As so many of our neighbors, clients and friends have been tragically affected by fires, floods, and hailstorms over the last few years, we want to acknowledge the loss and grief associated with these experiences and know that SilverPeak Wealth supports you and our community. We are a resource for any questions you may have.
Colorado is experiencing a “new normal” as it now ranks second in the nation for homeowners’ insurance catastrophe claims. This is a result of what Coloradans have lived through in recent years—season after season of widespread damaging hailstorms and the state’s most destructive wildfires. Since this volatile trend of catastrophic insured losses is unprecedented, it requires homeowners to better understand how this is impacting Colorado’s insurance marketplace and what steps they can take to protect their finances and property. http://www.rmiia.org/homeowners/CO_market.asp
Specific lists to refer to:
- What To Do in a Catastrophe
Residents evacuated from their homes should contact their insurance agents or companies immediately and let them know where they can be reached. As adjusters are allowed into impacted areas, they will want to go in with their policyholders to access the extent of the damage. In the event of a catastrophe situation, many insurance companies set up 24-hour emergency hotlines.
Company claims adjusters, many equipped with laptop computers and portable phones, will start writing checks to pay the cost of temporary living expenses for people left homeless by catastrophes and to begin the rebuilding of damaged homes. Some companies will open special claims centers to assist their policyholders. Contact your agent or company if you need additional living expenses while you are out of your home.
Out-of-pocket expenses during a mandatory evacuation are reimbursable under most standard homeowner policies.
Be prepared to give your agent or insurance representative a description of your damage.
Your agent will report the loss immediately to your insurance company or a qualified adjuster who will contact you as soon as possible to inspect the damage. Again, be sure to give your agent a number where you can be reached.
Take photos of the damaged areas.
These will help with your claims process and will assist the adjuster in the investigation.
Prepare a detailed inventory of all damaged or destroyed personal property.
Be sure to make two copies-one for yourself and one for the adjuster. Your list should be as complete as possible, including a description of the items, dates of purchase or approximate age, cost at time of purchase and estimated replacement cost.
Make whatever temporary repairs you can.
Cover broken windows, damaged roofs and walls to prevent further destruction. Save receipts for supplies and materials you purchase. Your company will reimburse you for reasonable expenses in making temporary repairs.
Secure a detailed estimate for permanent repairs to your home from a reputable contractor and give it to the adjuster. The estimate should contain the proposed repairs, repair costs and replacement prices.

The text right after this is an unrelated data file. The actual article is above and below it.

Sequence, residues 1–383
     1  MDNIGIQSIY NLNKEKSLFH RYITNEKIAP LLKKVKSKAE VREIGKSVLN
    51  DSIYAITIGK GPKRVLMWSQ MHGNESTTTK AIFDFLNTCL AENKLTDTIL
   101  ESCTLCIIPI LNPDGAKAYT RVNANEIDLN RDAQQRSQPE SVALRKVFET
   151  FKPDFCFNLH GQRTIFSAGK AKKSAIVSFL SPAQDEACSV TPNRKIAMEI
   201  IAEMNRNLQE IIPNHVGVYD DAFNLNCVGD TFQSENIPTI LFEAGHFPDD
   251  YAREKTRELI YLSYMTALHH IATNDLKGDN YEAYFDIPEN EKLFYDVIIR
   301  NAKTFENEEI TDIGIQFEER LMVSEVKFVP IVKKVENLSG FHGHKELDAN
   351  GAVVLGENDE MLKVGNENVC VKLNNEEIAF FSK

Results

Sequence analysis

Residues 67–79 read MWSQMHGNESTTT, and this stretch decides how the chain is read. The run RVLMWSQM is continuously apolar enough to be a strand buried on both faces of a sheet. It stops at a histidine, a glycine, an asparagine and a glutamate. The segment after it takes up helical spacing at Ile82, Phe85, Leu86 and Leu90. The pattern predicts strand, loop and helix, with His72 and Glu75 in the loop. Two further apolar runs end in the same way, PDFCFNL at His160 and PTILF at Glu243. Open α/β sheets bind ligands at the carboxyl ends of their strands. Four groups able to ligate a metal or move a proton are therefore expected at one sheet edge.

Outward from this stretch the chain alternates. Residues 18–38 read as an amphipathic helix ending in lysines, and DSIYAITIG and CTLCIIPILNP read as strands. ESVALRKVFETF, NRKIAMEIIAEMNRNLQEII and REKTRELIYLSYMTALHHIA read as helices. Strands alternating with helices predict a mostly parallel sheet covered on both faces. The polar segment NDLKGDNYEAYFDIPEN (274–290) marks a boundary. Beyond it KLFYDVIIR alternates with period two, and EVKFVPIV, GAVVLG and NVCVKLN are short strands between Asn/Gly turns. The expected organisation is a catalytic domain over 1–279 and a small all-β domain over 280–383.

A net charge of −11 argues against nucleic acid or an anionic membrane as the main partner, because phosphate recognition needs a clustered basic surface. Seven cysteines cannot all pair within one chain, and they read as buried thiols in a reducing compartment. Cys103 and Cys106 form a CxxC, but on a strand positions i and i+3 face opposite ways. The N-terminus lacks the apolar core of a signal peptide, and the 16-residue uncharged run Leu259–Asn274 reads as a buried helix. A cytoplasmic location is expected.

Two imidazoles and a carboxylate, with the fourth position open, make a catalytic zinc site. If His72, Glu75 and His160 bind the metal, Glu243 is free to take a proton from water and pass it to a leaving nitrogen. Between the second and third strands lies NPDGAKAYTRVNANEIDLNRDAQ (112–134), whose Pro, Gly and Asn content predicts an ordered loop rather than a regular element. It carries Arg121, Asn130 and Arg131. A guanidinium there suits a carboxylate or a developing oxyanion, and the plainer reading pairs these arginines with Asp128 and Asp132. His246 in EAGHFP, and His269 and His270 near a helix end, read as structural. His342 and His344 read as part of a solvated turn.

Serious losses will be given priority.
- II) Homeowners Insurance Basics
Some two-thirds of fire victims typically are underinsured, according to surveys by United Policyholders, a national nonprofit consumer-advocacy group based in California. A survey of people affected by wildfire in 2020 in Colorado’s Grand and Larimer counties revealed shortages often amounting to hundreds of thousands of dollars.
A major cause is the difficulty for homeowners in determining how much coverage they need, said Daniel Schwarcz, a professor at the University of Minnesota Law School who has studied homeowners’ insurance. Part of the problem is that consumers have wide choice, and many opt for cheaper policies to hold down their annual premiums.
Insurance is something most people don’t even want to think about until they need it the most. But, understanding what is and isn’t covered in your homeowners insurance policy can mean the difference of being able to rebuild your home and replace your personal belongings. Homeowners need to do annual insurance policy “check ups” to make sure they keep up with local building costs, home remodeling and inventories of their personal belongings.
The typical homeowner’s insurance policy covers damage resulting from fire, windstorm, hail, water damage (excluding flooding), riots and explosion as well as other causes of loss, such as theft and the extra cost of living elsewhere which the structure is being repaired or rebuilt.
Your policy also covers your legal liability (up to policy limits) if you, members of your family or even your pets hurt other people or their property, not just in your house, but away from it, as well.
When you insure your home, you are really insuring two distinct things:
Here are a few things to keep in mind when you’re insuring your stuff:
- Check the limits of your policy on personal items, such as jewelry, silverware, furs and computer equipment. If the limits are too low, consider buying a special personal property endorsement or a “floater.” An endorsement is an addition to your policy. A floater is a form of insurance that allows you to insure valuable items separately.
- Make an inventory of everything you own in your home and in other buildings on the property. Write down major items you own along with all available information, such as (a) serial numbers (b) make and/or model numbers (c) purchase prices (d) present value (e) date of purchase. Click here for more on home inventories.
- Document your inventory. Take either still or video pictures and attach receipts to the inventory when available. Store the inventory and visual records AWAY from your home—perhaps in a safe deposit box.
- Update the inventory when you make major purchases.
- The bottom line: Don’t put your policy up on a shelf somewhere and let it collect dust! Review your policy every year with your Insurance Agent.